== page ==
While working on my own project over the last few years, I have had to familiarize myself with copyrights, particularly in the area of photographs. I thought I would pass along my findings here. Infringing on someone's true copyrights can be expensive and has likely derailed more than one project. It is up to the author to determine what isn't in or out of copyright for their own security. The laws are pretty much a mud puddle of "…if…but not if… It seems our government can't make anything simple.
The particular photographs I am working with range primarily from 1880s to 1940. Of the things I have learned, photos taken prior to 1923 are in the public domain. Enough time has passed that any copyright at the time of creation is gone. Once an item is out, it cannot be put back in copyright in it's original form (If you use it in a book, the book is copyrighted, but not the photo itself).
One common misunderstanding is that an individual owns the copyright of an old photograph (prior to 1923) if they own the photograph. This is not the case. Generally the original copyright would have been held by the photography studio or photographer, and retained until expiration, passed on the heirs, or sold. Even if any of those events took place, the copyright on these early pictures is up.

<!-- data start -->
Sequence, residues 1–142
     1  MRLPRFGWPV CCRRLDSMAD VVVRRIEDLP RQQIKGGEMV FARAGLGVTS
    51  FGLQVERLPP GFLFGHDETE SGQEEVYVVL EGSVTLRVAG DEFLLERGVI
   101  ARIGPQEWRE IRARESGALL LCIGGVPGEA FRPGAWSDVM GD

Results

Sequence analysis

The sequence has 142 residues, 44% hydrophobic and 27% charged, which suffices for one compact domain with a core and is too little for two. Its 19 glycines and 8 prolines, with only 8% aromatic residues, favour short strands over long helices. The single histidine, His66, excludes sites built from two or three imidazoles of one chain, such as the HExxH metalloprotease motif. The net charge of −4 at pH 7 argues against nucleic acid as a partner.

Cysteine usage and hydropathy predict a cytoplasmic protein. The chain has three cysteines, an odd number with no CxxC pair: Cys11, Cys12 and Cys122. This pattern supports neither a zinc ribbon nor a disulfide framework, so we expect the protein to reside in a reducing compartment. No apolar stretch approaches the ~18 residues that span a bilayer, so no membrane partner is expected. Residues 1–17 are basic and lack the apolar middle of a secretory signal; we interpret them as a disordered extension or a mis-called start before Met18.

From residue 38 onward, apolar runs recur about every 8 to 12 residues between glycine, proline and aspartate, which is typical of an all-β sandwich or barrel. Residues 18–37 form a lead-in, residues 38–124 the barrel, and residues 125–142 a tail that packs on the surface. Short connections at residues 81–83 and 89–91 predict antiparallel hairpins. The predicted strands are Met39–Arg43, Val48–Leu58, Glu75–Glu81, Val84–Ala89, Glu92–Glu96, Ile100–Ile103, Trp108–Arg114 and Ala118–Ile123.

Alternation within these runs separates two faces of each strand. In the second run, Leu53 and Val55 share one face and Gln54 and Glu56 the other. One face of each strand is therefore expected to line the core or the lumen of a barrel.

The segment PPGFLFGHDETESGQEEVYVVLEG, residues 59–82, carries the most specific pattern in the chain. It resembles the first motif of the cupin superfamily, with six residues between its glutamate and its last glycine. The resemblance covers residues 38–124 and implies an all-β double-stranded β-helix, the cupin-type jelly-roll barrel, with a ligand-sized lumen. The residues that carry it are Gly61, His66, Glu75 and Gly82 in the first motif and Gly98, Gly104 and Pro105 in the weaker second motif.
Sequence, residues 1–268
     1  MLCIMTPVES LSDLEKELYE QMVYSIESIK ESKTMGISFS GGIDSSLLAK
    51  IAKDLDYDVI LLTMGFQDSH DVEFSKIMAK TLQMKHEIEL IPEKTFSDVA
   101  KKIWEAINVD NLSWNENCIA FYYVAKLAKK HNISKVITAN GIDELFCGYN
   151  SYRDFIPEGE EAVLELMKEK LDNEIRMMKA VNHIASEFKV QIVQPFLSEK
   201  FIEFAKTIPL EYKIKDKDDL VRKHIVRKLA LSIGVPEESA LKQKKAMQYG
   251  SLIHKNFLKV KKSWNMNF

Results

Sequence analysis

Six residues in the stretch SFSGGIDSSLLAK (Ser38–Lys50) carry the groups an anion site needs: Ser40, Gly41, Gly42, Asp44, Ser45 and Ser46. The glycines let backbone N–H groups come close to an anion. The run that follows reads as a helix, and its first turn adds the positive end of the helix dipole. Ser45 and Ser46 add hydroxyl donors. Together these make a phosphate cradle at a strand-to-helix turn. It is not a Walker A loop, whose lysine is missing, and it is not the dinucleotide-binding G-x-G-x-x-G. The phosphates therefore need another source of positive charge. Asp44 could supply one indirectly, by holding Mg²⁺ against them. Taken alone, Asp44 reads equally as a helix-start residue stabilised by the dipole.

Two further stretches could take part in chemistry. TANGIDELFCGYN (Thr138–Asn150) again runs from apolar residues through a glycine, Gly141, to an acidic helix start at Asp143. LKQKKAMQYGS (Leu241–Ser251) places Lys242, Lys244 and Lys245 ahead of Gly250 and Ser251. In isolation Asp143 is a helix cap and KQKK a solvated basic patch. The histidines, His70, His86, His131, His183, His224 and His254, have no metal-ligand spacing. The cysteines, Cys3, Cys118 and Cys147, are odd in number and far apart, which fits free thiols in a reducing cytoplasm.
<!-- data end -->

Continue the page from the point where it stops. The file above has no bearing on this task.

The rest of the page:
Archives and repositories often charge you to publish items in their collections. I refer to this as the '9/10' rule. They have it, you want it, and possession is 9/10 of the law. If you want the print bad enough, you drop $20 or so on it to get a digital copy, then another $20 or so for the use fee so you can publish it. They are very careful not to call is a rights fee because, in most cases, they don't have the rights available to sell.
Copyright protection subsists from the time the work is created
in fixed form. The copyright in the work of authorship
immediately becomes the property of the author who created
the work. Only the author or those deriving their rights
through the author can rightfully claim copyright.
Mere ownership of a book, manuscript, painting, or any
other copy or phonorecord does not give the possessor
the copyright. The law provides that transfer of ownership
of any material object that embodies a protected work
does not of itself convey any rights in the copyright.
An individual may have what I refer to as an 'effective copyright' if there are truly no other copies in circulation and it has never been shared. As sort of an example, my family had a photo of my father as a small child. He often (playfully) threatened to burn it. Over time, two more identical prints appeared at our house. If he had burned the first (or, in our discussion, kept it secure and private) it would not have gotten out. When more came to the surface, his percieved control was lost. Once it was duplicated, scanned, copied or otherwise shared, it was out. I don't know why he didn't like the outfit with the bunnies on it.
Tons more information is available at
but there is a great gadget to help quickly determine if you need to worry about infringing someone's copyright at